What Are Index Funds?
Michael asks Dave to explain index funds versus mutual funds.
QUESTION: Michael on Twitter asks Dave to explain index funds versus mutual funds.
ANSWER: Index funds are a type of mutual fund.
A mutual fund is simply where people mutually fund to a common investment goal.
You can have a bond fund and people mutually put money in, and then that fund buys lots of bonds versus putting all your money in one bond and taking more risk. You can have a growth stock mutual fund where people mutually put their money together and they buy stocks in companies that are growing known as growth stocks. You can have an aggressive growth stock mutual fund, which consists of companies that are aggressively growing, usually younger companies or smaller companies or startup companies or high-risk sectors of the economy like tech and those kinds of things might be there, so you find the aggressive growth.
What the index fund is—it’s a mutual fund—everybody’s mutually funded it—and they’re buying the stocks of an index. There are several indexes that measure what the stock market’s doing. The most famous is the Dow Jones Industrial Average. That is an index. No one does a fund off of that that I know of—not one I would buy anyway.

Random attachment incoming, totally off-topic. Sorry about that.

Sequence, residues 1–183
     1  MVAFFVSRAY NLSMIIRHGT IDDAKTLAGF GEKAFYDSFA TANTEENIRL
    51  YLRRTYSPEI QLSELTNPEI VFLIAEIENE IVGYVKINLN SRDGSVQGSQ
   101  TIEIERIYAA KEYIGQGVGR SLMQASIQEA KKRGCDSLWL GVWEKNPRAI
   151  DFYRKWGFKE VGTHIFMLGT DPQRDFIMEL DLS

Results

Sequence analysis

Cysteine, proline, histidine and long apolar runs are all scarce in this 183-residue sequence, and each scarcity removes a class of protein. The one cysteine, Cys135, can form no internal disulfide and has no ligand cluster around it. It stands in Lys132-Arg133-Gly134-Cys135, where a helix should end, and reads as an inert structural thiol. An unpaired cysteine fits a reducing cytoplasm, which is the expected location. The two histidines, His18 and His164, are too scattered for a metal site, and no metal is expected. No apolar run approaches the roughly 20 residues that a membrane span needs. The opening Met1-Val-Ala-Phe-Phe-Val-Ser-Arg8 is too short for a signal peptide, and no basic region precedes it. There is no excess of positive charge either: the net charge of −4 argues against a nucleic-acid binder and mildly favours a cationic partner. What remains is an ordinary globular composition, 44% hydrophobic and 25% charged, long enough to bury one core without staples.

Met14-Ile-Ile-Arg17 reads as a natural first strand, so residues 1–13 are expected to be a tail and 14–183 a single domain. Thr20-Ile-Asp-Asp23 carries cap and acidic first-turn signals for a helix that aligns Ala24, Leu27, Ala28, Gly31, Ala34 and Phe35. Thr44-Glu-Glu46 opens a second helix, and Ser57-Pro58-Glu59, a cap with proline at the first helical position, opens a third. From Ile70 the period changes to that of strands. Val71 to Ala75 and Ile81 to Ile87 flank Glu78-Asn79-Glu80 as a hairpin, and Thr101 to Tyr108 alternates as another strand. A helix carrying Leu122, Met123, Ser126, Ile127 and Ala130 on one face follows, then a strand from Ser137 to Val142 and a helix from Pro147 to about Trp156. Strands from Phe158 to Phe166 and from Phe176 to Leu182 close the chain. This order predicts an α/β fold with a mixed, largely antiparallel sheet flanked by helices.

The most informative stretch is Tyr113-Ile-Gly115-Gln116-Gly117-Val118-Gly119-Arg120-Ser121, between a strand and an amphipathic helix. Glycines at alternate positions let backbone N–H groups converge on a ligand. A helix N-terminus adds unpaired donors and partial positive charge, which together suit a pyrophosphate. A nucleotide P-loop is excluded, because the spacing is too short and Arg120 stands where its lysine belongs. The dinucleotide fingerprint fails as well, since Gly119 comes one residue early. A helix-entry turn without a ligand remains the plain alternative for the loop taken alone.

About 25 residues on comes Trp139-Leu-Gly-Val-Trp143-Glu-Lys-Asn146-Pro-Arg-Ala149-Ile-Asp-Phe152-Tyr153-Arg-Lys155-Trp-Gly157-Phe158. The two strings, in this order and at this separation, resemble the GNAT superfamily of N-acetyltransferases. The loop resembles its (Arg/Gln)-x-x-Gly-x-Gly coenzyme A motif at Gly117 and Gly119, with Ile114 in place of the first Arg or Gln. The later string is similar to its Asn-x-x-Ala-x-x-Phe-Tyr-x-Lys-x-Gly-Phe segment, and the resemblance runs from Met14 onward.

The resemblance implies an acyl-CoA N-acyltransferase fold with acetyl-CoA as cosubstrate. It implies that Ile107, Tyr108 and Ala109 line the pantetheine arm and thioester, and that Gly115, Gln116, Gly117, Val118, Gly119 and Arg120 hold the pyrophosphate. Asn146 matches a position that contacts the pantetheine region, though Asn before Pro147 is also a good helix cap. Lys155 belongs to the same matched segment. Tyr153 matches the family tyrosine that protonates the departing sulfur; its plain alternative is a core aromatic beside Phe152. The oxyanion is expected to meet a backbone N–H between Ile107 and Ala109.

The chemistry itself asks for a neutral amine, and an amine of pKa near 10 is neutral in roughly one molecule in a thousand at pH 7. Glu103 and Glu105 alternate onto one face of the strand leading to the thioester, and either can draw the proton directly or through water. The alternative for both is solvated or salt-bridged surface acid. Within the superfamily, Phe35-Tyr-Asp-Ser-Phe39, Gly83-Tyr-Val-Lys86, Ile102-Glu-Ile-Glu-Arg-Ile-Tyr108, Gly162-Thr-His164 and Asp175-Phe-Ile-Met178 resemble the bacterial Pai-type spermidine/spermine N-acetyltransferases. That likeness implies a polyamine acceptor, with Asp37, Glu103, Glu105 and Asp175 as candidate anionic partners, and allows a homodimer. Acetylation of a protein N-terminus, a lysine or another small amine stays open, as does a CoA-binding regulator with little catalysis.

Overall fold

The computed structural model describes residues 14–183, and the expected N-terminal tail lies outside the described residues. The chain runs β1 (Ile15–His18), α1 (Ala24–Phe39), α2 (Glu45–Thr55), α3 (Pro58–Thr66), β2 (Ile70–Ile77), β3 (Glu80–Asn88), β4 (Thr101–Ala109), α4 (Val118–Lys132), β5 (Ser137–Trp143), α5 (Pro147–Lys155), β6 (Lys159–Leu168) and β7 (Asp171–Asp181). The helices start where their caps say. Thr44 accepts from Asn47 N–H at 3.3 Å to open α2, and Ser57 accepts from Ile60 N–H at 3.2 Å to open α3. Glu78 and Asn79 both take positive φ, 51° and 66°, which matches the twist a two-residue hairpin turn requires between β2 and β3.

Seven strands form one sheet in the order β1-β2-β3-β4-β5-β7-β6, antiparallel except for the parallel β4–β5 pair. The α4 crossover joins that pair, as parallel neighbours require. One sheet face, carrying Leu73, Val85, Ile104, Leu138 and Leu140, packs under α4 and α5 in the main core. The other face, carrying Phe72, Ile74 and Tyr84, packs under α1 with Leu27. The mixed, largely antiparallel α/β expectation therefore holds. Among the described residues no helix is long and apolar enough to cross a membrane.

The most famous in the mutual fund world would be the S&P 500, which is the 500 largest stocks on the New York Stock Exchange according to the company Standard & Poor (S&P). So it’s the biggest 500 companies, so as the stock market goes, so goes the S&P index. When you buy an S&P index fund, you’re basically going to follow the market. Whatever the stock market does—the New York Stock Exchange—that’s what your return’s going to be.